Virtualization would be a part of space colonization if virtualization would be part of space colonization. Sadly, that tautology is really the best we can do.
Virtualization is a tool which can be used to solve a problem. If we have that problem, then we can use that tool. If we don't have that problem, then we wont use the tool. If there are additional requirements which prevent use of the tool, then we can't use the tool.
Virtualization will be popular if we need to have the things virtualization supports. So far, that isn't something space travel has needed. The biggest reason we haven't seen it is because of complexity. Current space software designers are big fans of simplicity. Virtualization is just one more layer that could go wrong. Also, current space software is designed on an enormous budget. When you're managing satellites whose cost plus launch can be a billion dollars, you can afford to spend the time verifying the software works. Its unlikely that you will see software which is untrusted enough to benefit from virtualization.
However, if space travel becomes truly commercialized, which your talk of "colonies" suggests is the case, then you're going to see commercial grade datacenters. On that day, you will see commercial grade solutions, like virtualization.
Personally, I don't think virtualization will be part of space colonization because we're going to come up with whatever "the next big thing" is. Virtualization solves a few very thorny problems, but it's not the only kid on the block. We probably have a lot of time before space colonization. The old days of dial up modems may be closer to our present day than colonization. A lot changed since then, and a lot will change.
If I had to pick a solution from today to appear in space colonization, I'd expect it more likely to see something like Project Midori from Microsoft. Midori went in the absolute opposite direction of virtualization. Instead of creating layers which try to perfectly encapsulate untrusted software and never let it free, Midori lets all applications intermingle in one big address space, and relies on tools to prove that one application can't mess with another. Midori was based around C#, a managed language, and they used the managed language features instead of virtualization.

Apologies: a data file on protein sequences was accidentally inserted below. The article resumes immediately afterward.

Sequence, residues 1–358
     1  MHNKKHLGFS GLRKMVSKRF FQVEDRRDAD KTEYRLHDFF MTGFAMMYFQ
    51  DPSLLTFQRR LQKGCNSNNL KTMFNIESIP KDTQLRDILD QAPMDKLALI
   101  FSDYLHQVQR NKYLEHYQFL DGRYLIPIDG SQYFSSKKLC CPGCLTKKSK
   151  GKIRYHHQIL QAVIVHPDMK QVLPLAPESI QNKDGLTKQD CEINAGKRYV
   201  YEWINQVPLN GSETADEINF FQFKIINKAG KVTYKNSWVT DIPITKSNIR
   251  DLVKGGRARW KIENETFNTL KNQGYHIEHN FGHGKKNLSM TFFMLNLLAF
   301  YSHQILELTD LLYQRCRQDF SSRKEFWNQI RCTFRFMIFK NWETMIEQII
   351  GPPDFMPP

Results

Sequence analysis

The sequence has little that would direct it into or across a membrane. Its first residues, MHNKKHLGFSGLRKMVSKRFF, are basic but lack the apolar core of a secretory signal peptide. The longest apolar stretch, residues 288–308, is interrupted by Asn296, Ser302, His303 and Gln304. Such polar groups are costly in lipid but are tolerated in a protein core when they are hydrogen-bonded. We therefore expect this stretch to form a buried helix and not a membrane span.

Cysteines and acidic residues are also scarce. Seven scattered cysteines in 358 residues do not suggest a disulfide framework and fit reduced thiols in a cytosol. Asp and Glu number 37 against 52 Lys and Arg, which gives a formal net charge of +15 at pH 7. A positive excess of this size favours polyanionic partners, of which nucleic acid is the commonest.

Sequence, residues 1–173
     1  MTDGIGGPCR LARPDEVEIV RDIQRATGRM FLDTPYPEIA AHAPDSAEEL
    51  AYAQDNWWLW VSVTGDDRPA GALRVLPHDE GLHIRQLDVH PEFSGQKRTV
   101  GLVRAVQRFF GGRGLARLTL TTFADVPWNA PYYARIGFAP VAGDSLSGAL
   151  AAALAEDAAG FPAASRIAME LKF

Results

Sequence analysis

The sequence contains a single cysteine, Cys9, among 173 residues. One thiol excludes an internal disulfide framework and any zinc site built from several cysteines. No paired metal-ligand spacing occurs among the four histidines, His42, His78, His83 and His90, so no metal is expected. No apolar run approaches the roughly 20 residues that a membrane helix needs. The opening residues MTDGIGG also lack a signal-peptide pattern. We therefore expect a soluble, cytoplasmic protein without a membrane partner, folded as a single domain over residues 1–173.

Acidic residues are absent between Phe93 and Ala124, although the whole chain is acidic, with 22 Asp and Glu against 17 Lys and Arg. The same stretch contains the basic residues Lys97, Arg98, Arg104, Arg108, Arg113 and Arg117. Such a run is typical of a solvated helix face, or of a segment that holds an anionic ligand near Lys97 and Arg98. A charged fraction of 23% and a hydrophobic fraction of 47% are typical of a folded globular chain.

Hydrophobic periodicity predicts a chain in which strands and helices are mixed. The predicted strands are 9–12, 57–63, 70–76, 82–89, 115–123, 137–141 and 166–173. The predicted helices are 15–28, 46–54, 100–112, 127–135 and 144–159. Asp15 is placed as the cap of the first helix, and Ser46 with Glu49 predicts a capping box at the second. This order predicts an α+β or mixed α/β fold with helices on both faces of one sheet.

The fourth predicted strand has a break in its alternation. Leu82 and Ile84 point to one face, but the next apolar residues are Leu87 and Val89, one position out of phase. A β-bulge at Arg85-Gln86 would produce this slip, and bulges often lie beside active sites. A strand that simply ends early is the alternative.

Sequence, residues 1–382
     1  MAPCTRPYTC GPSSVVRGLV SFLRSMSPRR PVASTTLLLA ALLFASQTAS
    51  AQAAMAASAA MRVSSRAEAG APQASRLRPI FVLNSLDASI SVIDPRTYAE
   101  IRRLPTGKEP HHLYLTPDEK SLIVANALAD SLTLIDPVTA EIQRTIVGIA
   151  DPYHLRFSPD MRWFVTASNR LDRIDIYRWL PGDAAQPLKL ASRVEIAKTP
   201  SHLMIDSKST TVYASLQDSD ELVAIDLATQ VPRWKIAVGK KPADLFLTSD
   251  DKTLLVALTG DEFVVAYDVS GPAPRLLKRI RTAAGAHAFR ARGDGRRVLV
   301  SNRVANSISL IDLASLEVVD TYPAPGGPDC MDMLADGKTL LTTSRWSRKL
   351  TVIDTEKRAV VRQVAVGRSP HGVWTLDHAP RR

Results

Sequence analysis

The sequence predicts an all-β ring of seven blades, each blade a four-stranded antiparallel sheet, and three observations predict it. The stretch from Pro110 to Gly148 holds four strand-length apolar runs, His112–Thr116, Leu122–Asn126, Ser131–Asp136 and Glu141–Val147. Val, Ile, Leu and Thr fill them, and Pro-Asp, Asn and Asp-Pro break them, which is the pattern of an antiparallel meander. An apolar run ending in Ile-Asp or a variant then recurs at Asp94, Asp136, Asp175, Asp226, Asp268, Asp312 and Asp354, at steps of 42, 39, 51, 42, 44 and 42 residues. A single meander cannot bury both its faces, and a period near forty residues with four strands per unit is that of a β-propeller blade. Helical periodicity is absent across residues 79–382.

The result? Midori's code runs a little slower because it's managed (and you can't fine tune managed code quite as precisely as unmanged code), but because it can safely put all processes in one address space, there's no need for expensive context switches -- all your programs can effectively run at the kernel level!
As for technologies which don't exist yet? I'd say the Internet of Things is demonstrating a major security issue which isn't solved via virtualization. We don't yet know how to secure a few hundred small devices all connected together on a network. Whatever solution we come up with for that is likely to appear in space colonization as we progress.